Most likely, your wife would be entitled to a percentage of your pension. The rule of thumb is that spouses are entitled to one-half of what was put into the pension (including any interest reinvested or employer contribution) during the term of the marriage. Therefore, your wife would theoretically be entitled to half of what was put into the pension beginning from the date of marriage until the date of the filing of the complaint for divorce. There are other factors such as if there are any pension loans and details such as what type of pension you have should also be considered. See a family law attorney for further guidance.
I purchased my home ten years before I got married and it was fully paid off when my wife and I got married. Is she entitled to any portion of the house?
Your house would be considered premarital property here in New Jersey and, as a general rule, premarital property is not subject to equitable distribution in a divorce. However, a spouse could be entitled to a percentage of the increase in the market value of the home or could be entitled to reimbursement of monies or payment for actual labor put into the renovations or upkeep of the property.
My wife ran up over $10k in credit card debt on shoes and clothes for herself. Am I responsible for paying any of this debt in the divorce?
Most likely not. New Jersey is an equitable distribution state, meaning that assets and debts are divided fairly, not necessarily equally. If you had no benefit from the purchases, or if your wife cannot prove the purchases were for the household or the family, then you will most likely not be held responsible for debt that she incurred shopping for herself.
I inherited a beautiful painting from my great aunt right before my divorce. It was left to me in her will. My husband was not mentioned. Is he entitled to the painting?
No. Gifts and inheritances are not subject to equitable distribution in a divorce, and this piece of art would not be subject to division. even if the painting hung in your marital home for years. New Jersey divorce law ensures that the wishes of the person making the bequest or the gift are honored. Since your great aunt left the painting specifically to you, your wife has no claim to it in the divorce.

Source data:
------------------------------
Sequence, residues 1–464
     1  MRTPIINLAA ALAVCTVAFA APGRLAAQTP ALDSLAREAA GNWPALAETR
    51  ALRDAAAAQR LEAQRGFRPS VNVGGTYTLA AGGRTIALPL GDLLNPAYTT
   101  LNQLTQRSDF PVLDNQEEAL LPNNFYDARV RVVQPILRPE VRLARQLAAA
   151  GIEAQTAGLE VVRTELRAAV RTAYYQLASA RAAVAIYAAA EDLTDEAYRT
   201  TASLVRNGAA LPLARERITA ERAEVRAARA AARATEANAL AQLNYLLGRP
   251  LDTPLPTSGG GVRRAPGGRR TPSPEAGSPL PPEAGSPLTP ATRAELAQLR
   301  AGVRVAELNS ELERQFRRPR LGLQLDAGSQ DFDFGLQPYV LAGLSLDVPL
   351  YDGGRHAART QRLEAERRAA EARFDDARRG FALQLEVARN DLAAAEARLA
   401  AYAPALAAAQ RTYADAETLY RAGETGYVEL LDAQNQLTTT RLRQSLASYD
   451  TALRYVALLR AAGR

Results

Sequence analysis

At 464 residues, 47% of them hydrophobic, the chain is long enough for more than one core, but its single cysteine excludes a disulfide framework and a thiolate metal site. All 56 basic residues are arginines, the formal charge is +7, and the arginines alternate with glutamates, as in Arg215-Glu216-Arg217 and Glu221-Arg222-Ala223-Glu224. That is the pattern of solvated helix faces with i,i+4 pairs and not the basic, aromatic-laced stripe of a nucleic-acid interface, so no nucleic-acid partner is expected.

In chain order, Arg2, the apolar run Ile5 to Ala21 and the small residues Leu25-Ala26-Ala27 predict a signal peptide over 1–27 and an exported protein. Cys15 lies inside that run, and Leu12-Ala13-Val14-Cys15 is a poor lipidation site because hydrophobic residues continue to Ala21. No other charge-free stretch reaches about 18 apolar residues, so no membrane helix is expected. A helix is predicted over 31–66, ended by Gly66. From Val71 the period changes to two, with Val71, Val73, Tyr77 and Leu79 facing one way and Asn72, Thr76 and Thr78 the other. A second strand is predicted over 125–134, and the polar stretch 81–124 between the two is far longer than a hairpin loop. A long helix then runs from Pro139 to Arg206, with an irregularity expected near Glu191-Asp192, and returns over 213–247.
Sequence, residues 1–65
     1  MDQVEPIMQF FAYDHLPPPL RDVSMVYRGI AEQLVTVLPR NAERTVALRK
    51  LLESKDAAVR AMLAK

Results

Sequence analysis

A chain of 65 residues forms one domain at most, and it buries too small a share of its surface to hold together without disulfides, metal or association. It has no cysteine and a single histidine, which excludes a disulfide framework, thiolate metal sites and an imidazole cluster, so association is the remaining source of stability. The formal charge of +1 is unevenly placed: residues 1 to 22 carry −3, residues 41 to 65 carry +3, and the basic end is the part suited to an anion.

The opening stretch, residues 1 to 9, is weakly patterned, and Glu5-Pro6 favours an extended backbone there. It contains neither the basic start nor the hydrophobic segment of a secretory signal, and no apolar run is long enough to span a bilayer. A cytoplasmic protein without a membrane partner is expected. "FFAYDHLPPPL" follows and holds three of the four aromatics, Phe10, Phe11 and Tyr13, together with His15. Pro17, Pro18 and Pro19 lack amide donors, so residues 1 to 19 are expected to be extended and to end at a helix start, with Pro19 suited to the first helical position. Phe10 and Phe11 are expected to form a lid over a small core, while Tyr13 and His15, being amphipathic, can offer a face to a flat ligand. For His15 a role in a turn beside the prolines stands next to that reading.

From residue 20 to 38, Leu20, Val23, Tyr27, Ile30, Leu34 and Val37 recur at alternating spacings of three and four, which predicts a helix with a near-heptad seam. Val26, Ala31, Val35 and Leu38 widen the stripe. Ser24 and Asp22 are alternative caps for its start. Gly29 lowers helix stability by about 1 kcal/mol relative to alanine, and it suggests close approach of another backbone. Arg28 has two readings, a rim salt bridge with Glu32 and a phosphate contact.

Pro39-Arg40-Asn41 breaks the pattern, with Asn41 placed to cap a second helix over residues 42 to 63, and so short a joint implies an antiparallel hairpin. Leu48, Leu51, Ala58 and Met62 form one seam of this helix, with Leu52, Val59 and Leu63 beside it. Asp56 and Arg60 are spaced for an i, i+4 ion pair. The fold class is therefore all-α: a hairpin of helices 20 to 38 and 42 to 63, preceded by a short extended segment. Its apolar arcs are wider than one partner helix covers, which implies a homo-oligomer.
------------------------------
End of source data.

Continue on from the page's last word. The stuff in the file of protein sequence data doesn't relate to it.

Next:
My wife and I purchased two vacation homes during our marriage. I would like her to have one and I will take the other. Is this permitted under New Jersey law?
If your wife agrees to this proposal, if the proposal is fair and you do not force or coerce her into making this agreement, the two of you are free to come up with any reasonable settlement agreement that works for you both. If the two of you cannot come up with your own marital settlement agreement, then the court will have to make the decisions regarding your property and how it is divided. Depending on the entire situation, the houses can be separated as you describe or they can be ordered to be sold and any proceeds divided fairly between the two of you.
My boyfriend and I are going through a break-up after living together for almost 5 years. During that time, we adopted a cat. The fees were paid by him on his credit card. Do I have any custody rights to our cat?
While emotional attachments to our animals are very strong, the courts in New Jersey still view pets as property and not as family members. Since the two of you were not married, the family courts will not entertain a dispute between the two of you regarding property. This would be a matter for small claims or civil court.
The Answers You Need
For answers to your specific questions, please call us today to schedule your free consultation. Whether your asset and property issues involve your home and other real estate, business interests, stocks, 401 K and other retirement plans, inheritances, car, boats, furniture, or suspicions about hidden assets, our skilled and knowledgable divorce and family law attorneys can set you up with a strong legal strategy to help you achieve your goals.